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Revelation Apocalyptic Literature

Revelation Apocalyptic Literature. The End. Characteristics of apocalypse. Level of conflict is cosmic Involves the whole earth, and spiritual worlds. Irony in that the Jews and Christians were very small people groups. Two mighty opposites in mortal combat

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Revelation Apocalyptic Literature

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  1. RevelationApocalyptic Literature The End

  2. Characteristics of apocalypse • Level of conflict is cosmic • Involves the whole earth, and spiritual worlds. • Irony in that the Jews and Christians were very small people groups. • Two mighty opposites in mortal combat • The good will triumph, but it will be a good fight. • The evil people are raised up to a level nearly equal with God. • More concerned with the end of the world than presenting specific details • Still, they are written in specific contexts. • There is a present age (era), and an age to come. • Usually in comes in the form of a vision • So, the writer is not the “author.” • Fantastic allegory (beast against beast rather than nation against nation). • Involves a writer, a seer, a vision(s), an interpreter, an interpretation. • Ascribed to a great individual of the past • Revelation is an important exception • Helps to get people to pay attention to the work • Success with one work, encourages imitation of its conventions

  3. The Book of Daniel • Chs 1-6 is about Daniel, 7-12 is by Daniel (“I, Daniel…”) • Daniel was a traditional folk hero. Perhaps his stories make an attractive introduction. • There are four visions that apparently relate to the same events of the recent past, present, near future, and final days • Book composed around 110BCE under the oppressive control of Antiochus IV Epiphanes. • Summarizes Israel’s history from exile to present. • Encourage readers by saying the present suffering will soon end and the oppressors will be punished. • No human solution is possible to solve the Jews’ problem. • Only God’s intervention can save the people. • Living Jews and resurrected dead would be judged and rewarded or punished eternally in accord with how they behaved during the terrible persecution.

  4. Daniel vs. the Prophets

  5. Revelation as an apocalypse • It follows most conventional features of an apocalypse. • “We are currently living in the worst possible circumstances” (surely these are the last days). • Faithful believes are encouraged to remain faithful, for their deliverance will come and it will be great! It will be worth the wait! • Christians at the time of the writing of Revelation were facing a situation quite similar to that of the Jews when Daniel was written. • Three phases of Satan’s defeat • in the heavens (by the birth of Christ) • on the earth (by the destruction of Rome) • in the underworld (by the final elimination of the Devil, Death, Hades and the Sea at the end of the age)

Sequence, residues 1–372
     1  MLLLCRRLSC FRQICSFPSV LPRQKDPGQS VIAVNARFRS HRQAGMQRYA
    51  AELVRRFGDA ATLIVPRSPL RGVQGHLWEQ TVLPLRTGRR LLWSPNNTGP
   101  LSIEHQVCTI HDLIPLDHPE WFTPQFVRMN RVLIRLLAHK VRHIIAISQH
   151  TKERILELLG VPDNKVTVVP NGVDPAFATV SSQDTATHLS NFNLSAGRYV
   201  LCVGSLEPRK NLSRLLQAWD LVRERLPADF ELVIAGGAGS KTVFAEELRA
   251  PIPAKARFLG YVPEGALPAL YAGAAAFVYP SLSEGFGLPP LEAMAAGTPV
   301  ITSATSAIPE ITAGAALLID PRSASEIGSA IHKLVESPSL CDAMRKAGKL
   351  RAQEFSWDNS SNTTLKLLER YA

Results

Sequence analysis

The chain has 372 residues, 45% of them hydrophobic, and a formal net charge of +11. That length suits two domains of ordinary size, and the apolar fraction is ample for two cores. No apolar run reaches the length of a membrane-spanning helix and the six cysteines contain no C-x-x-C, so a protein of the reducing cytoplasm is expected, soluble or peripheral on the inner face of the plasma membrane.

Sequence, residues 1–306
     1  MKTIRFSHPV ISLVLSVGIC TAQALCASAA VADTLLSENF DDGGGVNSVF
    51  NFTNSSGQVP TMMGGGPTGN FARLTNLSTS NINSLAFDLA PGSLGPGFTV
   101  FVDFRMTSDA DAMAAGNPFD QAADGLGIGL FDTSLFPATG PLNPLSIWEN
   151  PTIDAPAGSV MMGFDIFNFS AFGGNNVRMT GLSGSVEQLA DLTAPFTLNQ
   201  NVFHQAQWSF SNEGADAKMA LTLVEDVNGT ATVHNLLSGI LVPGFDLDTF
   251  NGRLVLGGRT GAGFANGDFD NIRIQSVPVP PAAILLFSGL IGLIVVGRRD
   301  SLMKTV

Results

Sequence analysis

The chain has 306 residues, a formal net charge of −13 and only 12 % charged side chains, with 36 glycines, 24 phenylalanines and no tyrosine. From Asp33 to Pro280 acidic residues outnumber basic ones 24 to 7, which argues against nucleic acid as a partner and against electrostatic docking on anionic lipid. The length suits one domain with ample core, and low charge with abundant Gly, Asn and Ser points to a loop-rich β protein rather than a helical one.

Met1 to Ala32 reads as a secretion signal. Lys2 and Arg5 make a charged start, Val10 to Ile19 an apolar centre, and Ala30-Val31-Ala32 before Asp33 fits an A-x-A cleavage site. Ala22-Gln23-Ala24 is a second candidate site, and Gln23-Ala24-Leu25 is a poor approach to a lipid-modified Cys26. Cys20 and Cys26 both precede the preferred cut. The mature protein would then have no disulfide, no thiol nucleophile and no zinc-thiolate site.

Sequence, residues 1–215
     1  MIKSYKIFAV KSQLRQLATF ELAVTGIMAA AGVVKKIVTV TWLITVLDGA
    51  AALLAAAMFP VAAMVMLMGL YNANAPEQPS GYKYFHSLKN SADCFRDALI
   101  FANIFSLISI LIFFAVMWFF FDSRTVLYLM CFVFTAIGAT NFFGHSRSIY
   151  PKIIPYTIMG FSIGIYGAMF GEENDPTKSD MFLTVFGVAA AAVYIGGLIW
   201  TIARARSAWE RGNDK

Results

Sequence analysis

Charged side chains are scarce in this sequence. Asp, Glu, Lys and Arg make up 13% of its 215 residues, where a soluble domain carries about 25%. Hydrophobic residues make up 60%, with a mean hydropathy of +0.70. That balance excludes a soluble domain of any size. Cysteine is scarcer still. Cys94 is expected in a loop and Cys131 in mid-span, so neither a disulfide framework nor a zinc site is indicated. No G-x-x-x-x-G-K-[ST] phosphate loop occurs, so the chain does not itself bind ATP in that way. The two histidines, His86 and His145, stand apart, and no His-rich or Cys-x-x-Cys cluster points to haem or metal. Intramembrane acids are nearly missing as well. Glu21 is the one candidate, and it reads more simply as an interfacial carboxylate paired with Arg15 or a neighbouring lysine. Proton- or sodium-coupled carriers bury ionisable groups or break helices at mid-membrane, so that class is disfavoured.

6. Revelation Overview 1 John’s greetings and the circumstance of his call 2-3 The Letters to the seven churches 4-5 The heavenly court of the lamb 6-7 The seven seals 8-11 the final seal brings seven angels with 7 trumpets • between 6 & 7 trumpet, 7 thunders (kept secret) 12-13 The pregnant woman, the dragon’s defeat, the two beasts 14 visions of reassurance and warning (an interlude) 15-16 the seven bowls of wrath climaxing in battle of Armageddon that involves all the kings of the earth 17-18 the whore of Babylon and the beast 19-20 the defeat of the dragon’s forces, the final judgment • dragon chained up for one thousand years 21-22 the New Jerusalem, conclusion • Here humans will dwell in face-to-face relationship with God, sustained by the water of life, the tree of life, and the presence of God.

  7. Revelation as purely literature? • Religious and mythic material is shaped according to conventions • The purpose is to provide comfort to the faithful • This makes the book less mysterious • Consider the literary challenge and effect of representing evil symbolically as dragon, beast, etc. • In a sense, all victories of good over evil are the same. • Perhaps that is why we see the repeated pattern: Various forms of evil, destruction of evil, rejoicing in heaven, New evil that’s much like the old evil, but in new form.

  8. Jewish Response to Apocalyptic Literature • It is linked to extreme action and great destruction • Apocalyptic writing and a belief in God’s intervening hand prompted fanatical Jewish resistance against Rome. • Patriots tried to force God’s hand by warring against Rome and forcing a situation in which God must intervene. • A lot of Jewish apocalyptic literature was written during the exile and post-exile period, but… • “The Writings” which were canonized around 100 CE do not include many apocryphal apocalyptic books, perhaps because of the negative influence in stirring up trouble with Rome. • Why Daniel survives is a little mysterious.